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article imageReview: 'The Making of Elton John — Madman Across the Water' Special

By Alexander Baron     Dec 17, 2012 in Entertainment
Elton John is a contemporary music legend; most of this hour long documentary will not be new to die-hard fans, but there is something here for everyone.
At the start I should declare an interest; the very first album I bought for my personal use was Don't Shoot Me I'm Only The Piano Player, and I doubted I would ever hear a better one. Then he released the double classic Goodbye Yellow Brick Road. Most English speakers will know the stories behind both versions of Candle In The Wind. If you want to learn the stories behind other Elton John songs, there are currently a few dozen of them in the SongFacts database.
You can also check out his official website, of course, and Eltonography for more than anyone needs to know about all his releases and everything about him.
This BBC documentary has been screened before, but it takes a lot to overdose on Elton.
The front cover of the classic  Madman Across The Water  album.
The front cover of the classic "Madman Across The Water" album.
Creative Commons
In spite of its name, the programme does not include the magnificent title track from this vastly under-rated 1971 album. Instead we are taken on an equally familiar route back to Pinner where a young Reginald Dwight won a music scholarship and was packed off for a classical education to the Royal Academy of Music. The programme makers have fished out his elderly music teacher along with of course his first lyricist Bernie Taupin, and a number of other people who knew Elton early on in his career from his tentative beginnings with Bluesology to in-house songwriter for Dick James.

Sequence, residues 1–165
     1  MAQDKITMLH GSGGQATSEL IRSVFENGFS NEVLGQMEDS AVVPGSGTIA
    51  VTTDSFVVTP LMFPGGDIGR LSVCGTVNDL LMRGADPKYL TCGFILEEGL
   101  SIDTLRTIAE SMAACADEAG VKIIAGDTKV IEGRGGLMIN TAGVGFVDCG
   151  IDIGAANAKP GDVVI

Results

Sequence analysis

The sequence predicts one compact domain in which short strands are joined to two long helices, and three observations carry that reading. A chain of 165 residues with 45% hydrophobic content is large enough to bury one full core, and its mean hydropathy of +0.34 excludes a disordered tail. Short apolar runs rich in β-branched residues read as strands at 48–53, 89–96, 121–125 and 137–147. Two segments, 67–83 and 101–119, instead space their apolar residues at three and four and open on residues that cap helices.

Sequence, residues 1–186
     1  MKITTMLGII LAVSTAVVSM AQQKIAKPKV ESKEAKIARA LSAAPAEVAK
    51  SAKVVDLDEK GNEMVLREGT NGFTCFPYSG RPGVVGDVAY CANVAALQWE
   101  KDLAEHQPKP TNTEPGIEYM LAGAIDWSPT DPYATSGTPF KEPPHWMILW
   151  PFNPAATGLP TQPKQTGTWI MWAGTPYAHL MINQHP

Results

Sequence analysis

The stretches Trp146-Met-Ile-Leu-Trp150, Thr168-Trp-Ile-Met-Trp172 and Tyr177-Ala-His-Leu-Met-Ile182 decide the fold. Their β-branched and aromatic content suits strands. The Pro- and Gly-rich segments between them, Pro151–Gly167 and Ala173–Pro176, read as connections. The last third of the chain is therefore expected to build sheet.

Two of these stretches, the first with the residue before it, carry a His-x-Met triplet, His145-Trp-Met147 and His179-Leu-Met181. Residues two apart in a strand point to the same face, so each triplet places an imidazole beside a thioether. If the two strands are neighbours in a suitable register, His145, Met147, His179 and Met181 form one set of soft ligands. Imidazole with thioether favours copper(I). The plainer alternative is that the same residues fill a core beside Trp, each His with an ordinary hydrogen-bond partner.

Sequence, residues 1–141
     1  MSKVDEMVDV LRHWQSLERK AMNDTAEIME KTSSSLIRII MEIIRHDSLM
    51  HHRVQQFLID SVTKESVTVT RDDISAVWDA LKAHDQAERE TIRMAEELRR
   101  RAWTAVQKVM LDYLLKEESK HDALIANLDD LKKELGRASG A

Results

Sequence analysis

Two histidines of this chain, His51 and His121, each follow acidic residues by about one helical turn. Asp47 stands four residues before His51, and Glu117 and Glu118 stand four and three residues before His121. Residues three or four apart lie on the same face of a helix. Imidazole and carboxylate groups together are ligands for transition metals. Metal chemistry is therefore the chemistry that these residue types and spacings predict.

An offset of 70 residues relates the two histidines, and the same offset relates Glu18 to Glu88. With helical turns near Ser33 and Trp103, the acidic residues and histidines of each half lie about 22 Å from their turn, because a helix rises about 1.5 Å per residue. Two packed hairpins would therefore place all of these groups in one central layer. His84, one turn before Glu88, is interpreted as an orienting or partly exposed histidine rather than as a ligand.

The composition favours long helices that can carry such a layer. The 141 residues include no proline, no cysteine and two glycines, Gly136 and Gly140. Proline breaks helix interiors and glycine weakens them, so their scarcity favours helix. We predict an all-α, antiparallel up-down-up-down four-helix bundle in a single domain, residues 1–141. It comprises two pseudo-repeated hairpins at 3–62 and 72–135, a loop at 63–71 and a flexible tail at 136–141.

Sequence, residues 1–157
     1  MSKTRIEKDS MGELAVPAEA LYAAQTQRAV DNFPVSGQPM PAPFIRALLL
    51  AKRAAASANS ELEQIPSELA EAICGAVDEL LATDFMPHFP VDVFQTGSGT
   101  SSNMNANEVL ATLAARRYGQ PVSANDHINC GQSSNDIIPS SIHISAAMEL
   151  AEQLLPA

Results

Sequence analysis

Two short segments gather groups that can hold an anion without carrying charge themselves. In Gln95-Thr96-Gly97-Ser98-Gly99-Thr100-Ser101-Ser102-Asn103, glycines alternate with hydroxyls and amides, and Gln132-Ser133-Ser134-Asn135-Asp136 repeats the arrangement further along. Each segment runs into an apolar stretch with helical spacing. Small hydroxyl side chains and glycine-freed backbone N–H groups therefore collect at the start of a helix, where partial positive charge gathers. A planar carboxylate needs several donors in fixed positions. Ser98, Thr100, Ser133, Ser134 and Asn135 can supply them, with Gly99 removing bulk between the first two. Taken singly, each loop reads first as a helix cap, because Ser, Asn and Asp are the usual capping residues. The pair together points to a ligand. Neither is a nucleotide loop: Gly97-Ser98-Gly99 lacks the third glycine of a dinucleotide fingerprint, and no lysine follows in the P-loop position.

Sadly, there is a lot in this programme that has no place here or in anyone's life story, but drink and especially drugs, and rock 'n' roll are a sadly all too familiar story, the long list of premature deaths in this field is grim testimony to that.
Like Keith Richards and even more so Nile Rodgers, Elton is a survivor; he is also now 65, and if he is not too old to party hard, he has reached an age when most people don't want to. The underlying theme of this programme is that those early years, after he and lyricist Bernie Taupin had their first taste of success, made up Elton's golden age, a period of unsurpassed creativity. Even though he picked up an Oscar in 1995 (for his far from greatest song) and has continued to produce high class work consistently, there can be no arguing with this statement.
The almost ignored debut album Empty Sky, the three consecutive albums: Honky Château, Don't Shoot Me... and ...Yellow Brick Road; Captain Fantastic..., and the earlier Madman Across The Water will surely be remembered as the most outstanding of a career that stretches back to the 60s, and will surely see another decade or two yet.
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